Meet our 11th annual "40 Under 40." They range from a teenage filmmaker to a thirtysomething sustainable-coffee entrepreneur, from a Katrina first responder to a pair of software developers. Many of these people and their life stories may be new to you, but remember their names: They've all accomplished much in their young lives, and their good works â and the good works of others like them â are a glimpse into the future of a better New Orleans.
Ashley Barkley, 24
Marketing director, Premier Event Management
Vice president of marketing, Desire NOLA
Thanks to Ashley Barkley, New Orleans will be home to another big-draw sporting event.
Though not exactly a Sugar Bowl, Super Bowl or All-Star game, the 2009 Ochsner Ironman 70.3 New Orleans won't pass through quietly. Barkley anticipates the first Ironman competition in a major urban setting to bring more than $5 million to the city, along with 4,000 visitors and 2,500 participants representing 43 states and five countries.
As the marketing director for Premier Event Management, Barkley sealed the Ochsner Ironman for an additional three years in the city. Not bad for a 2008 college graduate.
The Our Lady of Holy Cross alumna worked full-time in public relations while in school, including event management for Tales of the Cocktail, now one of New Orleans' premier summer events.
But Barkley is no stranger to athletics. Since 2000, she has completed five marathons, one half Ironman, and several half marathons and triathlons, with a six-day training schedule that includes 5 miles of swimming, 150 miles of cycling and 25 miles of running.
Despite her dedicated athleticism, Barkley doesn't see herself as a competitor. She considers herself "goal-oriented."
"I really push myself to achieve (those goals)," she says. "I just enjoy having a lot of things to do. I always say "yes.'"
Barkley also serves as vice president of marketing for Desire NOLA, a nonprofit led by a group of young business leaders dedicated to fostering small businesses.
"We want to bring people back â see the city thriving," she says. â Woodward
Lauren Baum, 27
Executive team member, Idea Village
Co-creator, IDEAcorps and 504ward
New Orleans native Lauren Baum left a promising career with a New York public relations firm to volunteer in rebuilding her hometown following Hurricane Katrina. Her contribution through her association with Idea Village will have a lasting effect on New Orleans.
"I thought I would volunteer for a short time, then head back to New York," Baum says. "I've been here two-and-a-half years."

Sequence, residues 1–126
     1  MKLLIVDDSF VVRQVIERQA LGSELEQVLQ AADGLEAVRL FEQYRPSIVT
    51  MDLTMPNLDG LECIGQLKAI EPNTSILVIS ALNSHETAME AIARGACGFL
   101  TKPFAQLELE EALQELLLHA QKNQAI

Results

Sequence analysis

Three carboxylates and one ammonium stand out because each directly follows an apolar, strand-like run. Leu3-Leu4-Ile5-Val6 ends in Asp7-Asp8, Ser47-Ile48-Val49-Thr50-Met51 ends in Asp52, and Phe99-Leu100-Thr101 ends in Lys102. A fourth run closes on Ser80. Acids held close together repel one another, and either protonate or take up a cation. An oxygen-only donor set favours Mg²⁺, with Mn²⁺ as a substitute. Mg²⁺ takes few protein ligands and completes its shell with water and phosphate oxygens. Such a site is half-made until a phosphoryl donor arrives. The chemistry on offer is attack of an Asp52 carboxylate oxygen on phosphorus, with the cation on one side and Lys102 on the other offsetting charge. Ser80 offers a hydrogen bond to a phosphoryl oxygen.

Shortly after volunteering at Idea Village, a nonprofit that helps entrepreneurs succeed, Baum and several other MBA students and professionals created a program that evolved into IDEAcorps, which helps rebounding entrepreneurial ventures with resources and expertise they need to keep their companies solvent.
"IDEAcorps provides entrepreneurs with business strategies," Baum says. "It was founded by Tulane students, but we now have students from Harvard, MIT, Stanford and other universities. People find out about it and it catches on virally, but we also reach out to them. It appeals to volunteers who want to work with their minds instead of their hands."
Baum also led the formation of 504ward, which is dedicated to keeping young professionals between the ages of 23 and 35 working in New Orleans. "Our goal is to retain young talent in the city," she says. "The brain drain challenge is not unique to New Orleans, but the opportunity to engage them in rebuilding the city is. The leadership in the business community and the civic community is so welcoming to them. The challenge is to keep them here for the long term."
504ward is sponsoring a competition for an entrepreneurial business plan that will appeal to the 23- to 35-year-old demographic. The winner will receive $100,000 in cash to start the venture, plus another $100,000 worth of donated assets such as free rent and business support. Deadline for the business plan is Dec. 4. â Graves
Jainey Bavishi, 27
Director, Equity and Inclusion Campaign of the Louisiana Disaster Recovery Foundation
There is power in numbers and unity, especially when trying to influence federal policies and garner funds for low-income, vulnerable or marginalized populations along the devastated Gulf Coast. Jainey Bavishi recognized this and in only a year organized 150 diverse groups into a coalition that carried its message to both the Democratic and Republican National Conventions.
As director of the Louisiana Disaster Recovery Foundation's Equity and Inclusion Campaign, she brought together nonprofits, national and international entities and volunteer groups to force the federal government to fulfill its promises to find solutions for the persistent poverty and inequity in communities in Louisiana, Mississippi and Alabama.